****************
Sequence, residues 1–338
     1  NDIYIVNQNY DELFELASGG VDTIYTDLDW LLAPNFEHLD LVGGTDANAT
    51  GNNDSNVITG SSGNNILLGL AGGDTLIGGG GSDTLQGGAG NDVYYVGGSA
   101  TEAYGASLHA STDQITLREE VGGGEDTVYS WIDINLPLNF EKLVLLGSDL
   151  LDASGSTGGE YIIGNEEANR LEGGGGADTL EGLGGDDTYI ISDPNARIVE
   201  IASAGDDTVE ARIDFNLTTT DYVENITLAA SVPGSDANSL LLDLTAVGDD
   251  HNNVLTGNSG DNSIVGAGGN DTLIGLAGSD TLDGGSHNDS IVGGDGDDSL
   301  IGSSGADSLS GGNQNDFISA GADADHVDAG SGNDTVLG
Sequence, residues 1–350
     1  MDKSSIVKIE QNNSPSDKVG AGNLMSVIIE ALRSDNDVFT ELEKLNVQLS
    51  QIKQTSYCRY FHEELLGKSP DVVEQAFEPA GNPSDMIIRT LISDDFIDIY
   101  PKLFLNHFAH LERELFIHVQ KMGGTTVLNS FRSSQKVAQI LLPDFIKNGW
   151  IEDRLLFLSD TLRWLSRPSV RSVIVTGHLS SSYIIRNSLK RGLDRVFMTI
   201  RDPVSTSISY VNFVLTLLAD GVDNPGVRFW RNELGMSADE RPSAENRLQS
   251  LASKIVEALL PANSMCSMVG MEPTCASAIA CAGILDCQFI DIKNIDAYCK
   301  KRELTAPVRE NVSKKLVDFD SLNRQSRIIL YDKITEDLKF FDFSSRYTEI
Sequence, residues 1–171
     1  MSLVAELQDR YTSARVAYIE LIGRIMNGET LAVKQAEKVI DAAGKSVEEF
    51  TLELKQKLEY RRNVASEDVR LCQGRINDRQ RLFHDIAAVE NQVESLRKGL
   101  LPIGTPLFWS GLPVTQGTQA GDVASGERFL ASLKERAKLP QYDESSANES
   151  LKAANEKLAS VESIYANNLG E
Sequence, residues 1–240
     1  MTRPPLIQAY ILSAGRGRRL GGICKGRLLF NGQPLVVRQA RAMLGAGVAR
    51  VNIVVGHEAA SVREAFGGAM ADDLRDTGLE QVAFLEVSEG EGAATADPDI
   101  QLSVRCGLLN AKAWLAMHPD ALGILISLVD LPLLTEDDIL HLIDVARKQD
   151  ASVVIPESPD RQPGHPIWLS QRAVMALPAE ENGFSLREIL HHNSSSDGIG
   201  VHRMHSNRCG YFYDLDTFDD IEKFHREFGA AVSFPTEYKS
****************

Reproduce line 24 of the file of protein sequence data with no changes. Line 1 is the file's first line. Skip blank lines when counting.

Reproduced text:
    51  VNIVVGHEAA SVREAFGGAM ADDLRDTGLE QVAFLEVSEG EGAATADPDI